And the scholarship is prorated. So if I went to school grades 9 through 12 in Kalamazoo Public Schools and graduate—and I met the other criteria of living in the city and so on—I will get a 60% scholarship. If I am here my whole K-12 experience, I will get 100% tuition and fees paid to any Michigan public college or university.
Public School Insights: What is the impact of that on a school like Kalamazoo Central?
Washington: We believe that it really has increased the focus of our students. Many students had a financial barrier to college, but there is not a barrier any longer. So that helps with students who may not have been focused on receiving a quality education and who had other distractions.
For students who were already meeting the challenge and working at a high skill level, it allowed them to change the school that they could go to. For example, there were many students who were graduating the first year the Kalamazoo Promise was announced who may have been going to a certain school because they were going to have to work—take a part-time job, live at home, so on and so forth. Then all of a sudden, the Kalamazoo Promise came out, and now, had they been accepted to the University of Michigan or Michigan State University or Northern Michigan, they could go. They could realize going to that school, which may have been their first choice. And so there were a lot of students whose lives were changed.
I can give you, if I may, an example. Last night, I was out at dinner and the young lady who was waiting on us was one of the first people who graduated with the Kalamazoo Promise and used the funds. She said, “I was going to go to a local junior college, but now I am graduating from Western Michigan University. Because I was able to use the Promise.”
She is a prime example of what I think that the purpose of the Promise was. And when you start to hear testimonials like that…She stayed home, she went to Western Michigan, she is a productive citizen, she is going to be graduating, and she plans on sticking around Kalamazoo. And these are the first students who have had that chance.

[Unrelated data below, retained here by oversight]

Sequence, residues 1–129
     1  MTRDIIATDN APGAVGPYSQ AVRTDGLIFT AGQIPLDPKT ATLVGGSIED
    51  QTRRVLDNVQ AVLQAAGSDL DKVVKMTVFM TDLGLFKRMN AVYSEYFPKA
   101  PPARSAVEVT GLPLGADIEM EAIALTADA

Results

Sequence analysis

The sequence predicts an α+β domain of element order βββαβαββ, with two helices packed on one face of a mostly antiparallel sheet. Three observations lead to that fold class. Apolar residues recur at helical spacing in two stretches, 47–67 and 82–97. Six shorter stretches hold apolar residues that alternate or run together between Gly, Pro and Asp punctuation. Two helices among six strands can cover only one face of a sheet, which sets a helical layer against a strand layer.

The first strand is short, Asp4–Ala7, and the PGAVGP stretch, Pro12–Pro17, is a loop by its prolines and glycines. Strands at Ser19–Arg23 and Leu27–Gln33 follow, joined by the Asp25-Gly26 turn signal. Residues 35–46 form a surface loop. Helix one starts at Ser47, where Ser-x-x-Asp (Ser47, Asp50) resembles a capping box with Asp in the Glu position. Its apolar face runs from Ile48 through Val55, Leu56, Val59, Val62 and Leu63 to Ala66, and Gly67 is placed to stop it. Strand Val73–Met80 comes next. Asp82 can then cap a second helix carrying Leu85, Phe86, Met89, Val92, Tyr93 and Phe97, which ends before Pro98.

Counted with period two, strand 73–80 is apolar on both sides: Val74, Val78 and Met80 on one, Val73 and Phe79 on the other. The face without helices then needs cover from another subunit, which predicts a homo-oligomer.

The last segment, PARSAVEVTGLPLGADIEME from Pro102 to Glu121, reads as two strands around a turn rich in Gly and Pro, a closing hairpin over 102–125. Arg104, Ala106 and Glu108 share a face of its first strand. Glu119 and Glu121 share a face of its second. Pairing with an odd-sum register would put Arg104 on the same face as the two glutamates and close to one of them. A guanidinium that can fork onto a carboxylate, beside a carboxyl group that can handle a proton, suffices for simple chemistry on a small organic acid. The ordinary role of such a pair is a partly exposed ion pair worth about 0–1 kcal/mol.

So we like to think that it was a culmination of things that resulted in us winning Race to the Commencement. It is hard to tell, because everybody in the running…When we saw the six schools in the running for the Race to the Commencement, every one of them is doing great things every day. So we are very fortunate.
Public School Insights: Do you have a sense about how many students have been able to take advantage of the Kalamazoo Promise?
Washington: Since the Kalamazoo Promise was introduced, 91% of graduating seniors in the entire school district have gone off to college. That is just an amazing number.
Public School Insights: Do you have a sense as to whether it has had an impact on graduation rates as well?
Washington: We are seeing graduation rates go up just a little bit, kind of step by step. But what we have seen is retention rates increase significantly. We have a lot of students putting in that fifth year now and trying to finish. And if it takes you five years to graduate from the public school, you receive the Kalamazoo Promise as well. So we are seeing retention rates go up. Kids are staying. We are looking to graduate 300 students this year. Last year it was 230. A jump of 70 students is pretty big.
Public School Insights: I imagine that something like the Kalamazoo Promise could actually be a magnet to get more people to move to, or continue to live in, Kalamazoo. Have you seen any evidence of that?